One of the long held hopes for DNA sequencing is that it will usher in an era of personalized, predictive medicine by providing individualized blueprints of genetic predispositions for specific conditions and diseases, such as cancer, diabetes and addiction. Researchers have now devised a method that works at a very small scale to sequence DNA quickly and relatively inexpensively that could open the door to more effective individualized medicine.
The technique creates a DNA reader that combines biology and nanotechnology using a nanopore taken from Mycobacterium smegmatis porin A. The nanopore has an opening 1 billionth of a meter in size, just large enough to measure a single strand of DNA as it passes through. The nanopore has an opening 1 billionth of a meter in size, just large enough to measure a single strand of DNA as it passes through.
The scientists placed the pore in a membrane surrounded by potassium-chloride solution. A small voltage was applied to create an ion current flowing through the nanopore, and the current's electrical signature changed depending on the nucleotides traveling through the nanopore. Each of the nucleotides that are the essence of DNA – cytosine, guanine, adenine and thymine – produced a distinctive signature.
The second problem was that the nucleotides flowed through the nanopore at a rate of one every millionth of a second, far too fast to sort out the signal from each DNA molecule. To compensate, the researchers attached a section of double-stranded DNA between each nucleotide they wanted to measure. The second strand would briefly catch on the edge of the nanopore, halting the flow of DNA long enough for the single nucleotide to be held within the nanopore DNA reader. After a few milliseconds, the double-stranded section would separate and the DNA flow continued until another double strand was encountered, allowing the next nucleotide to be read.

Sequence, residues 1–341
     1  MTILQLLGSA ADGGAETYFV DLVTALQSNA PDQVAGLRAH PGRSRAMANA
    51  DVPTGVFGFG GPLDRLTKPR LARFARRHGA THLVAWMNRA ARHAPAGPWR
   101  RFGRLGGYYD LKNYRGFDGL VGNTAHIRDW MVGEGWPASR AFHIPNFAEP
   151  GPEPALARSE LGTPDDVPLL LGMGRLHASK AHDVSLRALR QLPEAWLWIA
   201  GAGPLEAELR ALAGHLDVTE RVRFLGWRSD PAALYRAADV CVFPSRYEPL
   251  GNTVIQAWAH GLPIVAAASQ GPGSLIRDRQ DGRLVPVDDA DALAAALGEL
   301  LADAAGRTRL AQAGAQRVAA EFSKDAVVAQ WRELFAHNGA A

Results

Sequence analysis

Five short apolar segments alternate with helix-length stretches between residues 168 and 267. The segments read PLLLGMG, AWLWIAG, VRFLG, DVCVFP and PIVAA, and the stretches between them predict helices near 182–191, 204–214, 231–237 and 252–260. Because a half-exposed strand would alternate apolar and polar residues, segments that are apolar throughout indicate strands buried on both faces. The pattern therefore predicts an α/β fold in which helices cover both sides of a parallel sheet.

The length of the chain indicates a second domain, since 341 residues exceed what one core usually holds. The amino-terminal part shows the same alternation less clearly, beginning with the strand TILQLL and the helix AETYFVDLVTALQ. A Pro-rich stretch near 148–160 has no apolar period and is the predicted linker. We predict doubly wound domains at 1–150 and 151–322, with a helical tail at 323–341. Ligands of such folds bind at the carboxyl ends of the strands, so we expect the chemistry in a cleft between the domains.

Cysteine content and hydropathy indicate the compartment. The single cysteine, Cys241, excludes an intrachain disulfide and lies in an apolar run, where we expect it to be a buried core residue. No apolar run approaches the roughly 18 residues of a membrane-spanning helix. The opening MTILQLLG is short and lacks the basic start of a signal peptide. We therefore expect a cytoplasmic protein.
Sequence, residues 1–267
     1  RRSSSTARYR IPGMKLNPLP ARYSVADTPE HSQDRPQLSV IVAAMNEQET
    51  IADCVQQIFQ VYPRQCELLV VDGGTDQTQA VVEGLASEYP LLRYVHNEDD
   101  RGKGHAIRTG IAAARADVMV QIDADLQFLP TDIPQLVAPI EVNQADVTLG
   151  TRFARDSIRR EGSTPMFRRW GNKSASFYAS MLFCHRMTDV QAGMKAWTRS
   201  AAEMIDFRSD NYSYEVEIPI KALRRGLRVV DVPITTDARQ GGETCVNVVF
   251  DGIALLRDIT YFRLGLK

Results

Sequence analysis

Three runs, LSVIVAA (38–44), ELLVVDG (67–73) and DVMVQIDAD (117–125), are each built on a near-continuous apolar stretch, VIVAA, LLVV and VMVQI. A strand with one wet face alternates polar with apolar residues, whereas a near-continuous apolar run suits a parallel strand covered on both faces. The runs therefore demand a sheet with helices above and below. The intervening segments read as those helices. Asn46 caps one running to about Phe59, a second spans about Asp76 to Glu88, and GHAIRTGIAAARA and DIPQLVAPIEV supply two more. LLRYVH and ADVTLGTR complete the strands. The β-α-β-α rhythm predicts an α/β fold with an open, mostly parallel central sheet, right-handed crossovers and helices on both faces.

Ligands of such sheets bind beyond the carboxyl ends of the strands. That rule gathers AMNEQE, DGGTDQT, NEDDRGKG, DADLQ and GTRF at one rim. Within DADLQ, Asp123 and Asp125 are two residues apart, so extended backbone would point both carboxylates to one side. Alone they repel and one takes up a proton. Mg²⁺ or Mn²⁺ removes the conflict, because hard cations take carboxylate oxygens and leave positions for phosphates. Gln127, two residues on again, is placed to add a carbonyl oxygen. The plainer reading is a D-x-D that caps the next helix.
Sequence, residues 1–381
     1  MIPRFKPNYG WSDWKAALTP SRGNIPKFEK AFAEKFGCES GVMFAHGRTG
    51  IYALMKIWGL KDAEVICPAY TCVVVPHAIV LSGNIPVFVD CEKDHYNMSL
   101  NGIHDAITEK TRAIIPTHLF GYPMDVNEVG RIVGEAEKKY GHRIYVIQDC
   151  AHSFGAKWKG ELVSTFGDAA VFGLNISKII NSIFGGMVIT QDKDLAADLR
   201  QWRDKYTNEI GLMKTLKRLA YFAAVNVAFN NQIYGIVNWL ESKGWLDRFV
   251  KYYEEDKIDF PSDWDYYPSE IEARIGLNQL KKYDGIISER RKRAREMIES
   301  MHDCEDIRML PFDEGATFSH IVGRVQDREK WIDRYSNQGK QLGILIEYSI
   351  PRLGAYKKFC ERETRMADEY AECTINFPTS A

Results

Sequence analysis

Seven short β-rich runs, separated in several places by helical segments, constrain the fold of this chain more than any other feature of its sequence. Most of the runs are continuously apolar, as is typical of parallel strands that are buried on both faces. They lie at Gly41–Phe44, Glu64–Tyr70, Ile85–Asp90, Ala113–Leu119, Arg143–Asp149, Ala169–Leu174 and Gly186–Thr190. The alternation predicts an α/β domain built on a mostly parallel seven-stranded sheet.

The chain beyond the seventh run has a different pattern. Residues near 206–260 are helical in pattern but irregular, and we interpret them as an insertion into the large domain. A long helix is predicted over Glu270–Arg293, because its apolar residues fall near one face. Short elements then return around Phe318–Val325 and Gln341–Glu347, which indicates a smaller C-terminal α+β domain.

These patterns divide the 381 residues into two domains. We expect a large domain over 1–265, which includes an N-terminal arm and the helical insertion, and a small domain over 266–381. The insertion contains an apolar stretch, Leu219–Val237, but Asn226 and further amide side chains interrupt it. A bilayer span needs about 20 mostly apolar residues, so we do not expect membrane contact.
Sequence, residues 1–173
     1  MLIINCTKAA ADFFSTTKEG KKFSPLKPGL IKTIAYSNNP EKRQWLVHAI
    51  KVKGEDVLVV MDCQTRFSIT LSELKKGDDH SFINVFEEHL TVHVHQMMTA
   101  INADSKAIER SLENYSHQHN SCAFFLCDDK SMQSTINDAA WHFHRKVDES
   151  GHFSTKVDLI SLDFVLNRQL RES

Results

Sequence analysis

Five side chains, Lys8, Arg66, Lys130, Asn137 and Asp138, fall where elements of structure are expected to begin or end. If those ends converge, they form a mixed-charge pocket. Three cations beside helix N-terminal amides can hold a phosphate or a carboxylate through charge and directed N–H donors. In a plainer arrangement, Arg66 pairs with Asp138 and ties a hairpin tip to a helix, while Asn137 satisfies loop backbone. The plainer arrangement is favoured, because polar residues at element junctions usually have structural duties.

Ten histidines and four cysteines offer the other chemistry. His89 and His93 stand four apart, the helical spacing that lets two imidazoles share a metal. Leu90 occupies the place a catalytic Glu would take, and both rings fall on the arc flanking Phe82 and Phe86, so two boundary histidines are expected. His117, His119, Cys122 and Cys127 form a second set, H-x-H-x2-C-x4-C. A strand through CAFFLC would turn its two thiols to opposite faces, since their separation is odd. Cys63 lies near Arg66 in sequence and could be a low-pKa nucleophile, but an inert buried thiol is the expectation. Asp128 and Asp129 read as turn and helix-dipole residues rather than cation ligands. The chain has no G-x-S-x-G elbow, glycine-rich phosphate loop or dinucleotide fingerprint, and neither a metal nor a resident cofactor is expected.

The delay, though measured in thousandths of a second, is long enough to read the electrical signals from the target nucleotides.
"We can practically read the DNA sequence from an oscilloscope trace," said Jens Gundlach, a University of Washington physics professor and lead author of a paper describing the new technique published the week of Aug. 16 in the Proceedings of the National Academy of Sciences.
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